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fashion

Discussion in 'All Languages' started by Gavril, May 3, 2011.

  1. Gavril Senior Member

    English, USA
    In most European languages, the word for "fashion" seems to be based on Latin modus "way, manner". Here is a sampling of the titles of various languages' Wikipedia articles on "fashion":

    French mode
    Spanish moda
    German mode
    Swedish mode
    Slovenian moda
    Finnish muoti
    Turkish moda

    What exceptions do you know of to this pattern (whether from a European language or not)?

    Two that occur to me are

    - English fashion < OFr. façon < Lat. factio "act of doing"

    - Icelandic tíska
    (This might be based on the word tíð "time, season", but I'm not sure)

    Update: it looks like my hunch about the etymology of Icel. tíska was correct: see this link.
     
    Last edited: May 4, 2011
  2. apmoy70 Senior Member

    Greek
    In Greek:
    «Μόδα» ('moða, feminine noun), a loanword from Italian or French. Its more archaic and rarely used now name is «συρμός» (sir'mos, masculine noun); Classical masculine noun «συρμός» (sūr'mŏs)-->any sweeping motion, from the verb «σύρω» ('sūrō, 'siro in modern pronunciation)-->to drag by force, sweep, PIE base *twer- (2), to hold, grasp, push
     
  3. rusita preciosa

    rusita preciosa Modus forendi

    USA (Φιλαδέλφεια)
    Russian (Moscow)
    Russian: мода /moda/
     
  4. Orlin Senior Member

    София
    български
    The same in Bulgarian and Bosnian/Croatian/Serbian.
     
  5. Tamar

    Tamar Senior Member

    Israel, Hebrew
    In Hebrew: אופנה [ofna]

    We did borrow the word [moda] but like in greek it's hardly ever used anymore.
     
  6. francisgranada Senior Member

    Slovakia
    Hungarian
    Hungarian

    divat - from dívni, cca. "to be in (fashion)"
    módi - from moda, less used
     
  7. Gavril Senior Member

    English, USA
    Out of curiosity, what's the tri-consonantal root of אופנה?

    I might be misunderstanding, but I think Apmoy70 was saying the reverse about Greek: i.e., the international word μόδα has taken over the space once occupied by the Ancient Greek word συρμός.
     
  8. Istriano

    Istriano Senior Member

    -
    In Italian, voga is also used.
    essere in voga - to be fashionable
     
  9. Tamar

    Tamar Senior Member

    Israel, Hebrew
    Gavril, you're right, it was me misunderstanding :eek:

    So: Hebrew used to have the borrowed word "moda" but we don't use it anymore.

    אופנה [ofna] - the root is א.פ.נ
    I all of a sudden noticed something (ans I also asked some place else about it):
    אופנה seems to come from the hebrew word אופן [ofen] which means "way, manner" (just like mode - modus. I was told this is actually a loan translation).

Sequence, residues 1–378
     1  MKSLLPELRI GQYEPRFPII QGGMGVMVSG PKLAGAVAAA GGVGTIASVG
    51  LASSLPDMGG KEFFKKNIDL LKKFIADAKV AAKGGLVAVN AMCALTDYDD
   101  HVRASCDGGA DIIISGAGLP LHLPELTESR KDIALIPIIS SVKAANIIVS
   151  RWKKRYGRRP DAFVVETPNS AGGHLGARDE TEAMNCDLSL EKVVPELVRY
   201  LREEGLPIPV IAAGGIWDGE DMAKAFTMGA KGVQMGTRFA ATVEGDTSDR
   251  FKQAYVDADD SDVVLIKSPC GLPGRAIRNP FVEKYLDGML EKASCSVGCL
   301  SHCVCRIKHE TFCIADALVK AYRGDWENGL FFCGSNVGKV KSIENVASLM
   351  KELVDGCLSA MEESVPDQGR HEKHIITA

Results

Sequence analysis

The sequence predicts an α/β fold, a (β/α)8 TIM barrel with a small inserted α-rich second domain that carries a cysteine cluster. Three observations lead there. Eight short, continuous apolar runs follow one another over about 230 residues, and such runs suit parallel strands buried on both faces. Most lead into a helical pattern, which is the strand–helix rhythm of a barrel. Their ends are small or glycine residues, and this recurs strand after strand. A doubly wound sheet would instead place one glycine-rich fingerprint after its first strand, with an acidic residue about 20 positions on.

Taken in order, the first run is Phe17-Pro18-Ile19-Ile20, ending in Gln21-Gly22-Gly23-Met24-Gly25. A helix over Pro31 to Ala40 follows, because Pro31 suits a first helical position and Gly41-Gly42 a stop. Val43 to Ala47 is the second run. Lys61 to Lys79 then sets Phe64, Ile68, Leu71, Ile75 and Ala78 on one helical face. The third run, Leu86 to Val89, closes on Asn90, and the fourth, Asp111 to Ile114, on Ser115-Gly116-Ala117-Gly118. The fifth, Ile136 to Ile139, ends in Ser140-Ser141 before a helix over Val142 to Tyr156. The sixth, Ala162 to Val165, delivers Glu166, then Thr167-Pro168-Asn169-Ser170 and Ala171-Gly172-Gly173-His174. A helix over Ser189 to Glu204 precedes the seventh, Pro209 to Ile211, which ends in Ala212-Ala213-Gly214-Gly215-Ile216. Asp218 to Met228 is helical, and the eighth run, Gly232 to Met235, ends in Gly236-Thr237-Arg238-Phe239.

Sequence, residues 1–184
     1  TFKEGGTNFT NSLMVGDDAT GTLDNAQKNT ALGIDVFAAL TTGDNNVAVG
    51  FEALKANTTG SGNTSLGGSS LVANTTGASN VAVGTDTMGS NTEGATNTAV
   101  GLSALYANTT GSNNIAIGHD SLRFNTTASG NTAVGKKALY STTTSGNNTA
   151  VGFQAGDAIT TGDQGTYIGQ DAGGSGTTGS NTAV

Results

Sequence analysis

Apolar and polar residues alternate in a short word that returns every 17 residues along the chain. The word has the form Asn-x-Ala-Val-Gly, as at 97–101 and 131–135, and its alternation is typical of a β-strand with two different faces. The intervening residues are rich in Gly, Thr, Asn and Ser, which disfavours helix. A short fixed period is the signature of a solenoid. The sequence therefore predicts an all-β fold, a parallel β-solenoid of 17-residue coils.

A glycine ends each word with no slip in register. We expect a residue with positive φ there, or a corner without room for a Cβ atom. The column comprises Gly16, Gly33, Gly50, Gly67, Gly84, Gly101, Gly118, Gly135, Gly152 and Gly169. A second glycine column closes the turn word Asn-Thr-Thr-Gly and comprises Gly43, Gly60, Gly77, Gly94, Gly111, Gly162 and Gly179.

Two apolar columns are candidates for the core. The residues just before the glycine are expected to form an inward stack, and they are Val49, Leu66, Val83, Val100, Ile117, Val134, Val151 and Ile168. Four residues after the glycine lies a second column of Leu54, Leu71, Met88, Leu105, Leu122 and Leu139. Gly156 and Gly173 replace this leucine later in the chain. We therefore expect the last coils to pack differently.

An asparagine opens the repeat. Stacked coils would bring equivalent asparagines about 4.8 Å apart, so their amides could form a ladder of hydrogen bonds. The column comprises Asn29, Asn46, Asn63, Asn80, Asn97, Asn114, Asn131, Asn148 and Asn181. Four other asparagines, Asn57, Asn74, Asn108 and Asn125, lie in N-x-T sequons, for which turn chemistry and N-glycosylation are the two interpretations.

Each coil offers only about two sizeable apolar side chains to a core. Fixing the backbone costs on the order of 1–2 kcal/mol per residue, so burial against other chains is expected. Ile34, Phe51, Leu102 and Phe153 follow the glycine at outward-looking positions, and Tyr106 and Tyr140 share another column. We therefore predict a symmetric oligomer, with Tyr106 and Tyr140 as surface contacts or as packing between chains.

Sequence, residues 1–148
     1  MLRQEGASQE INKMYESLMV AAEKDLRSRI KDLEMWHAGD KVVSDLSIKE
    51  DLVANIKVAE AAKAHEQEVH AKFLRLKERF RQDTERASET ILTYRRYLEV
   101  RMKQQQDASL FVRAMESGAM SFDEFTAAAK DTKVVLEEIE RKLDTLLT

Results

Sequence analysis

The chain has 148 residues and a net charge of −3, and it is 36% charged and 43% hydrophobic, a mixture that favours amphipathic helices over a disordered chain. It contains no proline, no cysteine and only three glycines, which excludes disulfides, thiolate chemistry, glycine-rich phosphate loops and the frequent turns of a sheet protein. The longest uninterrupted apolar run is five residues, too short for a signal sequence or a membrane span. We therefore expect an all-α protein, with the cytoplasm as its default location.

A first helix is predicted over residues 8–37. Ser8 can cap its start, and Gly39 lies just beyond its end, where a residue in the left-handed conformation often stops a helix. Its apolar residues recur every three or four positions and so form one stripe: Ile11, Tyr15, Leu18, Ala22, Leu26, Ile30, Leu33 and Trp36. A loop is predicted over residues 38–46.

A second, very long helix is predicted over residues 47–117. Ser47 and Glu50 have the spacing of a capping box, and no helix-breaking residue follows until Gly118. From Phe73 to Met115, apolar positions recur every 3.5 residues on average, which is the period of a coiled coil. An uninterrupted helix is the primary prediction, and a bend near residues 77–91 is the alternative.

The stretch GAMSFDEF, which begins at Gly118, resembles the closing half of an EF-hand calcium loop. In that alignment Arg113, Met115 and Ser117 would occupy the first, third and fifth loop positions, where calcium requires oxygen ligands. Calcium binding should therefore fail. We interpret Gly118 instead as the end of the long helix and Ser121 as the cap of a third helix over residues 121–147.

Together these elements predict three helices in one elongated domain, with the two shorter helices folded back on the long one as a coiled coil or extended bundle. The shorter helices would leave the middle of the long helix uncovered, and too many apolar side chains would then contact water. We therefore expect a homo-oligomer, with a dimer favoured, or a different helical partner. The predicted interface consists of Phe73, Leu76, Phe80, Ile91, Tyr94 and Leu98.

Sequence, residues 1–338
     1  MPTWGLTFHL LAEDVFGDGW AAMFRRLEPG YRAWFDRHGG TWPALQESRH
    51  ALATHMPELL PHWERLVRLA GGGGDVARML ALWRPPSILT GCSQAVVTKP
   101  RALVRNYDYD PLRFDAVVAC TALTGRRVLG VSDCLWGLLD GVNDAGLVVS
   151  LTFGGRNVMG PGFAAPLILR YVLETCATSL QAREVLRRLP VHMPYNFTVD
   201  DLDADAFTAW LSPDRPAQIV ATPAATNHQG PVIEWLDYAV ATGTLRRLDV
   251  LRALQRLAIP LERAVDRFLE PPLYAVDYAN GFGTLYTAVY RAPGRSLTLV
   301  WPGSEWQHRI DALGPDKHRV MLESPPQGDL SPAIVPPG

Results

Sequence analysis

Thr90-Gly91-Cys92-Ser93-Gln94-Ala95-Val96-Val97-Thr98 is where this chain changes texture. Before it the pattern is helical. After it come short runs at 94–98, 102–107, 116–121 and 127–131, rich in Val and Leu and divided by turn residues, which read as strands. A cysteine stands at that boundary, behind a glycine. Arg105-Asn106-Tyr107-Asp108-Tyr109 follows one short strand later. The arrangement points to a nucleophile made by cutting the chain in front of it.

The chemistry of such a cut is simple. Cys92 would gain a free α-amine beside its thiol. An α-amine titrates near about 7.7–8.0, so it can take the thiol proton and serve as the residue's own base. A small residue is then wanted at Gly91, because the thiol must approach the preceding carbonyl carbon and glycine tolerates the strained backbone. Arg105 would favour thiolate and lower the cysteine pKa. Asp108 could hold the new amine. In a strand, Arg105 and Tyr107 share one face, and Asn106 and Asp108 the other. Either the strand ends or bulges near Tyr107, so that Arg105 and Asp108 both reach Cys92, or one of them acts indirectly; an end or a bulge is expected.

10. origumi Senior Member

    Hebrew

    המילה "אופנה" היא מתחילת העברית המודרנית. המציאה אותה, כמה צפוי, חמדה בן יהודה, אשתו של אליעזר בן יהודה. מספרים שבן יהודה הציע את המילה "מידה" שמשלבת את הצליל הצרפתי עם שורש עברי מתאים.

    אגב, זו דוגמא יפה לנצחון של מילה עברית מלאכותית משהו על פני המילה הלועזית המקבילה. אני חושב שעד שנות השבעים או השמונים הנצחון לא היה מובטח, ופתאום איכשהו קיבלה מודה תדמית זקנה, של חנויות בגדים שמרניות עם זבניות פולניות מבוגרות... ויצאה מהמודה.

     
  11. catlady60

    catlady60 Senior Member

    Pennsylvania (20mi/36km from the Poconos
    English-US (New York City)
    In English, a common synonym for fashion is style.

    When a person dresses well, we say, He or she has style.

    This dress is out of style when it's no longer popular to wear.

    An English word for someone who only dresses in the latest styles is a fashionista, a pseudo-Italian portmanteau of fashion + the italian suffix -ista.
     
    Last edited: May 8, 2011
  12. Tamar

    Tamar Senior Member

    Israel, Hebrew
    המילה "אופנה" היא מתחילת העברית המודרנית. המציאה אותה, כמה צפוי, חמדה בן יהודה, אשתו של אליעזר בן יהודה. מספרים שבן יהודה הציע את המילה "מידה" שמשלבת את הצליל הצרפתי עם שורש עברי מתאים.​
    Thanks Origumi :)

    ולי יש עוד דוגמא לזה: המילה "רמונט" שהוחלפה ב"שיפוץ"

    We say that too in Hebrew.
    And what about the word chic?
    I sometimes (not often though) use it in Hebrew: we can say that someone "has chic".
    יש לה שיק [yesh la shik] she has chic.
     
  13. Maroseika Moderator

    Moscow
    Russian
    Mongolian seems to be one of the very few languages using its own words:
    mode - янз, маяг, хэлбэр (all meaning lit. manner, way, shape).
     
  14. mataripis

    mataripis Senior Member

    Tagalog: Fashion= Gawi(always use to be), Tikas= good looking physical features,naturally good standing
     
  15. elirlandes

    elirlandes Senior Member

    Dublin & Málaga
    Ireland English
    In Irish it is faiseann, pronounced the same as "fashion" - I can only conclude that there was no fashion in Ireland until the English came... ;)
     
  16. Encolpius

    Encolpius Senior Member

    Prague
    Hungarian
    Interesting, Hungarian, Hebrew, Mongolian, not to mention Asian languages have their own words.
    Interestingly enough the word divat appeared as soon as the 17th century and first meant value, custom, wealth.
    The origin of the part div- is unknown, and from divat arose dívni, not vice versa.
     
  17. bibax Senior Member

    Czech
    Maybe Latin?

    dives (gen. divitis) = rich;
    divitiae = wealth, splendour;
     
  18. إسكندراني

    إسكندراني Senior Member

    أرض الأنجل
    عربي (مصر)ـ | en (gb)
    موضة (mo:Dah) in Arabic (all modern varieties). Maybe some in the Maghreb would prefer to use French (la mode). It's interesting that the Arabisation uses the unique letter (ضاد) rather than the direct equivalent (دال).
     

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